One New Zealander dies from cardiovascular disease every 90 minutes. Sixteen deaths per day, and is New Zealand’s (and the world’s) number one killer.
Grim statistics, one to fear yet not one we can necessarily feel when we are at risk of it.
Cardiovascular disease (CVD) encompasses all the terms used to describe all diseases and conditions involving the heart and blood vessels. It can affect anyone both young and old, and men and women. It is commonly thought of as a “man’s disease”, yet nearly 50 Kiwi women die of heart disease every week!
There are certain risk factors that cannot be changed, such as age, ethnicity, and family history. Adults aged 65 years and older are at greater risk as aging also causes changes in the heart and blood vessels. In New Zealand, the mortality rate for ischaemic heart disease among Maori is more than twice as high as non-Maori. Furthermore, in New Zealand’s Asian population, cardiovascular disease and diabetes rates were higher compared to the New Zealand European population. Family history can be a strong indicator of heart disease and is all relative starting with first-degree relatives (parents and siblings). However, there are certainly other areas that can be modified. Research has shown that a healthy lifestyle with eating well, keeping active and not smoking (or quitting if you do), may prevent up to 80 per cent of premature CVD, stroke, and diabetes.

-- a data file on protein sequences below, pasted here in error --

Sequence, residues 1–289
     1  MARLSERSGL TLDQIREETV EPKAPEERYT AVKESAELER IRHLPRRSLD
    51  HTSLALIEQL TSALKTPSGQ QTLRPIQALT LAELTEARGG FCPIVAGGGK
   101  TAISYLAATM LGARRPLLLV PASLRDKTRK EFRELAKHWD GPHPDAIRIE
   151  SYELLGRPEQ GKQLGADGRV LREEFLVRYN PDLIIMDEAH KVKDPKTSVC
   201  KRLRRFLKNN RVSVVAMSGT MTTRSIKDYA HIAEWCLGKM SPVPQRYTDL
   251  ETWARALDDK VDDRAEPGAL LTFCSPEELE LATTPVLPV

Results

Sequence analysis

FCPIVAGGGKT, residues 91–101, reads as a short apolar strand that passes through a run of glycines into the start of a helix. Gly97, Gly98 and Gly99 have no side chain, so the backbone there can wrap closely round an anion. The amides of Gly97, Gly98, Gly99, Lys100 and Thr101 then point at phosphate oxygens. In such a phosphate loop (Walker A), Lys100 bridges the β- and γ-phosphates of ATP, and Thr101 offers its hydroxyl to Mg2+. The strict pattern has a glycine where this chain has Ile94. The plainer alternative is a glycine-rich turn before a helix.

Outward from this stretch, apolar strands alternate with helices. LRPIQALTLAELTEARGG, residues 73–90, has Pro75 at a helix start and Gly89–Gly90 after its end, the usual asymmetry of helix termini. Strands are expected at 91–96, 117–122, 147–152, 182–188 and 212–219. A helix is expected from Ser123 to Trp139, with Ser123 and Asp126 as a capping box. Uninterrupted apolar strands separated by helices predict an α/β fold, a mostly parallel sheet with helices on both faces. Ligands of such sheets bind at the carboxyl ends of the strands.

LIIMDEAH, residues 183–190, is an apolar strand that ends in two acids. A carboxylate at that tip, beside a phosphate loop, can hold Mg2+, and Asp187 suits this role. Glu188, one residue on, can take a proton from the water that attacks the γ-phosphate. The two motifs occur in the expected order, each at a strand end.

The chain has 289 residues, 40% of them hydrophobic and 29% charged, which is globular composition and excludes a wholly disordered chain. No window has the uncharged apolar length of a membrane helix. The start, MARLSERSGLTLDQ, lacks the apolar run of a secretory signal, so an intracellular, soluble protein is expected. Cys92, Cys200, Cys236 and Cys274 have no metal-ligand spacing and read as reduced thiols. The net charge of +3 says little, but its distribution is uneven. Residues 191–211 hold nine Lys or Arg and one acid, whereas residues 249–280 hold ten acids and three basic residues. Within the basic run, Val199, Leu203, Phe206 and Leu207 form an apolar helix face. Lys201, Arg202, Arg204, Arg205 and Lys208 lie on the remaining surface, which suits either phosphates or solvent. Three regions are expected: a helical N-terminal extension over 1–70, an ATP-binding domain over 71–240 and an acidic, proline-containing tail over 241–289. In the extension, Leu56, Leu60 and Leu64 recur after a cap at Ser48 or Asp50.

It is never too early or too late to address factors that you can change. You need not be a gym-bunny or start being your own military-style food police. Don’t worry, I won’t be your food police either! My goal is to guide you and empower you in the right direction. What you do for your body, however, is your insurance policy for your health. Small and gradual changes can make a big difference in your overall health. It is long term, it is a journey, and the benefits may not be immediate. If a medical condition or event does occur, your body is in a better position to manage it. Or if you have not been caring for your body as well as you could be, it may be time to do a check-in and provide your body with some TLC.
You wouldn’t (or shouldn’t) drive a car without an up to date warrant of fitness. Do your body the same justice, and keep your heart WOF in check. Visit your GP and they can do the necessary assessments and organise for appropriate blood tests. They will also advise you on how often your checks should be. The earlier the detection, the better. If it is appropriate with your GP, having it around your birthday may be easier to remember. Consider it a present for your soul, and for peace of mind. You only have one heart and one body.
For guidance on managing cardiovascular risks with diet and lifestyle, contact me to see how I can help.